No Words


There are numerous things teacher’s training does not prepare you for. You are expected to teach and teaching is what you learn. Even though you often come across teaching situations you would never have guessed would happen. Experience more or less fills the gaps and with years you may feel less inadequate. Thereore you usually manage to cope as long as what you have to handle belongs to the field of teaching.

However, one thing you do not learn is how to deal with a student’s death and how to face her or his classmates after such an unexpected and shocking event.

Thus last Friday one of my students – a bright and talented girl – killed herself and because of the Easter break we have only just come back to school this morning.

All the teachers that knew her are devastated and so are the students. I wish I could find the words some of these kids wil need but for the time being I feel numb and shaken.

8 thoughts on “No Words

  1. Of course you feel numb and shaken during this devastating situation. Death under what we define as normal circumstances is traumatic, never mind suicide.

    My sincere condolences to her family, and to the school community, on the loss.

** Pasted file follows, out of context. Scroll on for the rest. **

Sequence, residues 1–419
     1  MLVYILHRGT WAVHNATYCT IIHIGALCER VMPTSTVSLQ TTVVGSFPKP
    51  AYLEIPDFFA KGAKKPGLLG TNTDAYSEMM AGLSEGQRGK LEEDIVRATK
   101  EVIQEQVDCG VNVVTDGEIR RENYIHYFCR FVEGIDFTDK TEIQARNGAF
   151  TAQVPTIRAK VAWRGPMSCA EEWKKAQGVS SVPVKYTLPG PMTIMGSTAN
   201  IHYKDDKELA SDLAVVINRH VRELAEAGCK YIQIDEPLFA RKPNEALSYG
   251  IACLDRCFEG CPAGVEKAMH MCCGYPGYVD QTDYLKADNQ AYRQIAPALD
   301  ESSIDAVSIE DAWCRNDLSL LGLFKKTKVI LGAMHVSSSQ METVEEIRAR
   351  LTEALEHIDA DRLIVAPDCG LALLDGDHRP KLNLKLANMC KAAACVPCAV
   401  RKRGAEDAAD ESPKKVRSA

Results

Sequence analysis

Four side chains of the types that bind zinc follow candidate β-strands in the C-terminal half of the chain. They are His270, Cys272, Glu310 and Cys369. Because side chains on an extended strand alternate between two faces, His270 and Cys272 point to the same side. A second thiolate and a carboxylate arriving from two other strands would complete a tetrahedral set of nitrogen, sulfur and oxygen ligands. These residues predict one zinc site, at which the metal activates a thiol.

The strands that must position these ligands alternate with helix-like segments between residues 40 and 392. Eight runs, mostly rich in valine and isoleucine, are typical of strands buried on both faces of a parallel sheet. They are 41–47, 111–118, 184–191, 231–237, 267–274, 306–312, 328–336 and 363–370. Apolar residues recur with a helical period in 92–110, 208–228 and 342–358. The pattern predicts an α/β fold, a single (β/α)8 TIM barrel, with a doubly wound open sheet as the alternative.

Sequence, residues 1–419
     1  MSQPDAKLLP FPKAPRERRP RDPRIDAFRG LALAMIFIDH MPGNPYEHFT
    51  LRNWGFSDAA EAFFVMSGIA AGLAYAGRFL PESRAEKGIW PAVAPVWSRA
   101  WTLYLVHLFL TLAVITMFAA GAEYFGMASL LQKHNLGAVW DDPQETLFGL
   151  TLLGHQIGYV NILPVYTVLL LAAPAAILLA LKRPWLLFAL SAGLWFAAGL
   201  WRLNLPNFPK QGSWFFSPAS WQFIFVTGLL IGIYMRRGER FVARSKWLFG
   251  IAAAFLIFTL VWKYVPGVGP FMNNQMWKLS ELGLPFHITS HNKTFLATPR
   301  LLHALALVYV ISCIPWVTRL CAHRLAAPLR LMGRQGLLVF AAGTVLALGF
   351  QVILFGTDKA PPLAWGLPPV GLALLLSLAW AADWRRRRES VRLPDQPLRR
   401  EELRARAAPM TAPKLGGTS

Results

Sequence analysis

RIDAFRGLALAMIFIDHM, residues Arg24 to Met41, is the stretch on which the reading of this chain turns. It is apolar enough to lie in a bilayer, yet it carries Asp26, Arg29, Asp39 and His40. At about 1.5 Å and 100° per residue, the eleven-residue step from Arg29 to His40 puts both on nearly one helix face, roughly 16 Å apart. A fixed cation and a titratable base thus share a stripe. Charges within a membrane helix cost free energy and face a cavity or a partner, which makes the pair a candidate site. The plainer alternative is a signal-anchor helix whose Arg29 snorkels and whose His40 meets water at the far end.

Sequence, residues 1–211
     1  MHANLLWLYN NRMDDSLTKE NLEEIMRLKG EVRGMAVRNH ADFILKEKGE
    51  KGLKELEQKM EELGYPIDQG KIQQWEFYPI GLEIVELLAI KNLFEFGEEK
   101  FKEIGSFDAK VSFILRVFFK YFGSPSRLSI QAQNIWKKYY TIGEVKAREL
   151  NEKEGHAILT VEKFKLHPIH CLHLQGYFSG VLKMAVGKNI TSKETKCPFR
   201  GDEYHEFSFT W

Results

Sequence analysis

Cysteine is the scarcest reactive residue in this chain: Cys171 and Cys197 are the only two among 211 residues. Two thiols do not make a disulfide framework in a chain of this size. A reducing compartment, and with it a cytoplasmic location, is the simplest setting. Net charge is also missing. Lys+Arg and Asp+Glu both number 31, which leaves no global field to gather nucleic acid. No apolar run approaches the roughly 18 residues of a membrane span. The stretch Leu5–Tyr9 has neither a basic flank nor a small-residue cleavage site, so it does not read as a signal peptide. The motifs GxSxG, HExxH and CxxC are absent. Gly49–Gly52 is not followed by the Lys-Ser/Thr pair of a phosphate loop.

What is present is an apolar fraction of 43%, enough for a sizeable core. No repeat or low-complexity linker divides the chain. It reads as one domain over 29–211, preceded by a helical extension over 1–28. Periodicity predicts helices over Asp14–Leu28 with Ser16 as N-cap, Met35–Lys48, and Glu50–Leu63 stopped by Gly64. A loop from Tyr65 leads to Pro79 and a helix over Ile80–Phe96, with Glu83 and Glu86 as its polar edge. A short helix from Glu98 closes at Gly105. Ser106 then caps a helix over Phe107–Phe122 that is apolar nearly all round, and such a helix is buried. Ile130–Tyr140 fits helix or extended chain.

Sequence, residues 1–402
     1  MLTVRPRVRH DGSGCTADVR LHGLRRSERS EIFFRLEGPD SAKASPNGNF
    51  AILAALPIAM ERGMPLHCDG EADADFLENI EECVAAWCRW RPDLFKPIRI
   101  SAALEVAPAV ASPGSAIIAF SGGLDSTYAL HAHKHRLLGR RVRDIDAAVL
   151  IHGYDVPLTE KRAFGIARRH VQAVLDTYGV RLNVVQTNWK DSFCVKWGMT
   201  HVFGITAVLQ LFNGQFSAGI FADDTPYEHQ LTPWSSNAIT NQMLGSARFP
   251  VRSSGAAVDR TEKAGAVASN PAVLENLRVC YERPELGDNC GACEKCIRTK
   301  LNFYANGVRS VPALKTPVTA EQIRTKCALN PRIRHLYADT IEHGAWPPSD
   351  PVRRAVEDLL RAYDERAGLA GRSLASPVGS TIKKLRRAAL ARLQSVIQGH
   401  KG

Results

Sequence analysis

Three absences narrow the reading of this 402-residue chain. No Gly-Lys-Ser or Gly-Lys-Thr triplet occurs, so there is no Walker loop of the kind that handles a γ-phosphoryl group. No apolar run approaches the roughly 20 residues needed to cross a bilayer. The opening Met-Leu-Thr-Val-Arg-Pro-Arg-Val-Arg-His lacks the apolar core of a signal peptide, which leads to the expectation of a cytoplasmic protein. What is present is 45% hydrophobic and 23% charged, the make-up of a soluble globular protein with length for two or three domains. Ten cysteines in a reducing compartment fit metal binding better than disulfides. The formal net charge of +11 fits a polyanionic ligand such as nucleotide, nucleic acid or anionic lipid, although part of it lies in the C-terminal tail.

I’m so sorry…

  2. Oh..I am so sorry..It is all too common now and you wonder how any young person could be in that much pain and think it’s better to end it. My daughter is seeing troubled teenagers in the mental health clinic where she is a psychologist. Hopefully she can help to prevent this is another young person..

  3. I’m so sorry to hear this. How to bridge the gap between being a teacher and just being a human being coping with this kind of grief and sadness must be overwhelming.

    I never had to deal with a teen suicide like this as a teacher, but I did assist a teacher whose stepson died in an accident. I didn’t know the boy, nor did the students, but I decided this would be an opportunity to teach the kids an important life skill, so while the teacher was on leave, I had the kids write condolence notes to her which I took to her (along with a hot meal for her and her family). Perhaps writing notes to the girl’s family, or journaling for a few minutes a day in class might help the students process their feelings and allow them an outlet without forcing them to talk before they’re ready. As I said, I don’t have this specific experience under my belt, but I try to imagine what I might do as a teacher in the same situation…

  4. How very, very sad. I am so sorry you are all having to deal with this tragedy. Suicide seems to be an epidemic world wide, a death that is doubly tragic because it is a young person who took their own life. Those who are left behind have a hard time coping with such a death. My friend’s husband took his own life two years’ ago and she and their children are left behind still wondering why? My deepest condolences to her family, to you and to everyone who knew and cared deeply for her.

  5. I’m sorry to hear about this. I identify with the student, having been a depressed teen myself. I’m fortunate I got help eventually, but many people don’t. Take care.

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